India supports Russia over Crimea but stresses Ukraine integrity
Like China, India too has supported Russia over the Ukraine/Crimea crisis. But there is a difference.
As recently as the third week of April, India's top diplomat told the Russians to de-escalate tensions with the West over the Ukraine issue while conveying India's total understanding to the Russians on the subject.
This was conveyed by Indian Foreign Secretary Sujatha Singh to her Russian colleagues during an official visit to Moscow on April 15-17, her first independent visit to Russia since she took over last year. Singh co-chaired the India-Russia Foreign Office Consultations (FoCs) with her counterparts, Vladimir Titov, First Deputy Foreign Minister and Igor Morgulov, Deputy Foreign Minister, on April 16.
Significantly, the Russians gave a detailed briefing to the Indians on the Ukraine situation and Moscow’s efforts to resolve the crisis. What has come out through official Indian channels about Singh's talks with her Russian counterparts is dense, full of clichés and, therefore, needs to be decoded.
First, the official Indian version.
Sujatha Singh reiterated India’s position – calls on all sides to exercise restraint and work together constructively to find political and diplomatic solutions that would safeguard the legitimate interests of all sections of Ukraine’s population, of all countries in the region and promote long-term peace and stability in Europe and beyond. The two sides also discussed Russia’s then upcoming talks with Ukraine, USA and EU in Geneva on April 17.
While reiterating its support for Moscow on Crimea’s merger with Russia, New Delhi stressed that India is for the unity and integrity of Ukraine, meaning while India is supportive of the Russian moves with regard to Crimea, New Delhi does not favor use of force by Russia against Ukraine. The Russian side told the Indians that it has no belligerent intentions against Ukraine.
Significantly, Russia, Ukraine, the United States and the European Union successfully brokered an international agreement in Geneva on April 17. The deal envisages disarmament of armed groups in eastern Ukraine and a give-and-take with separatists: their vacation of occupied government buildings in exchange for a solemn assurance by the Ukraine government to grant total amnesty to separatists. The US too has agreed to delay another round of sanctions after Russia agreed not to intervene in Ukraine.
However, on the flip side, international deals like the one in Geneva over Ukraine normally hang from a slender thread and many deal breakers may pop up any time. One such potential deal breaker is the continued defiance of the separatists in Donetsk who have taken the extreme step of declaring themselves as the independent "Donetsk People's Republic". These separatists are pushing the envelope further by saying that they will not vacate the government buildings until the government in Kiev steps down.
The Ukraine melting pot is set to make international news headlines in the coming days and weeks. There will be a laser beam focus on recently self-proclaimed Donetsk People’s Republic whose leadership has declared its decision to hold a referendum simultaneously with east Ukraine’s Lugansk region. A total of 3.5 million voters, living in the Donetsk Oblast, are eligible to take part in the referendum.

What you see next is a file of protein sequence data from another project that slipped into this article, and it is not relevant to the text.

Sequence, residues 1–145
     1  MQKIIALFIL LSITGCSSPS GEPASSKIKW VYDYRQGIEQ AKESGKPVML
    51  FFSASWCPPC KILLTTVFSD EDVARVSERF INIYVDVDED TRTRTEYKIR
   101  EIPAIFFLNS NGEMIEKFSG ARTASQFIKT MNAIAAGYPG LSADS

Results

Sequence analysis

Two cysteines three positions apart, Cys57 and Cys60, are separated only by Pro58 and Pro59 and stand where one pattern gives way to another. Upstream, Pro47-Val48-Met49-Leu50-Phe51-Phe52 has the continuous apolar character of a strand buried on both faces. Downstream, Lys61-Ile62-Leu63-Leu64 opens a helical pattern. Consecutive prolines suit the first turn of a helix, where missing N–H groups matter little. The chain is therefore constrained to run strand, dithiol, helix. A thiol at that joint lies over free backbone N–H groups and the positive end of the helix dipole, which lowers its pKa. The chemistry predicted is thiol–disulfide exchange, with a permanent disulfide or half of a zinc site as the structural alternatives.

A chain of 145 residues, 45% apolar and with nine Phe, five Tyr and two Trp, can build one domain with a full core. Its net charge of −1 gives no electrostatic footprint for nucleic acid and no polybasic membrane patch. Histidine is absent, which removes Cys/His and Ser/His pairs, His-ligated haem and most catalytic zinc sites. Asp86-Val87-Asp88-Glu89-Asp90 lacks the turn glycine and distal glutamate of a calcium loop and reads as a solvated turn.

Denis Pushilin, co-chairman of the Donetsk People’s Republic presidium, has gone on record as telling ITAR-TASS in an interview that Central and district election committees were already formed in Donetsk region and “printing of ballot papers will begin soon”.
“A referendum will be held no later than on May 11 and it is highly probable that Lugansk will also hold it with us no later than on May 11. Lugansk just has to confirm similar wording of the question. Our question is as follows, “Do you support the independence of Donetsk People’s Republic?” Pushilin said in this interview.
India to follow pragmatic diplomacy
The Indian response to the Ukraine crisis has been pragmatic and will likely remain so even if Russia were to take extreme steps vis–à–vis Ukraine.
For argument sake, let us consider the worst scenario: that Russia does bring its military forces into Ukraine. Even in such a scenario it is not likely that India would come up with a public condemnation of Russia. India would definitely come up with a statement, but its tone and tenor would hardly be hard-hitting. An Indian statement in such a scenario would only take the middle path, stressing the need for all stakeholders to resolve all issues through peaceful negotiations, and taking full care that India does not float an impression that it is wading into a Russia-West spat.
India has far more at stake with Russia than with Ukraine. Even in the Russia versus the West scenario, India cannot ditch Russia. The Western world, led by the United States, has been mercurial and tried to balance India with Pakistan. The Russians have never done that and solidly supported India for the past four decades.
In a way, India’s future response to the Ukraine developments has already been conveyed to Ukraine rather subtly.
On February 28, at the peak of Russian actions in Crimea, the Ukraine ambassador in New Delhi, Oleksandr Shevchenko, met Dinkar Khullar, Secretary (West) in the Ministry of External Affairs.
The Ukraine envoy made two requests: India’s support and the Indian recognition of the new government in Kiev.
Unsurprisingly, the envoy returned empty handed. He was politely told that India will have to undertake internal consultations on the issue and formulate a stand, if required. As they say, speech is silver - silence golden!